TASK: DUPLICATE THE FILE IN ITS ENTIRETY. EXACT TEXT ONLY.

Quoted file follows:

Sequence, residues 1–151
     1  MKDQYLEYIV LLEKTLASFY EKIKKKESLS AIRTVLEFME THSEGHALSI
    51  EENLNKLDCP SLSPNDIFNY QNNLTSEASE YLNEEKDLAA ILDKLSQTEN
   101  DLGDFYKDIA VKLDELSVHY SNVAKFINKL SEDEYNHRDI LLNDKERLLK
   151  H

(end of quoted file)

Sequence, residues 1–151
     1  MKDQYLEYIV LLEKTLASFY EKIKKKESLS AIRTVLEFME THSEGHALSI
    51  EENLNKLDCP SLSPNDIFNY QNNLTSEASE YLNEEKDLAA ILDKLSQTEN
   101  DLGDFYKDIA VKLDELSVHY SNVAKFINKL SEDEYNHRDI LLNDKERLLK
   151  H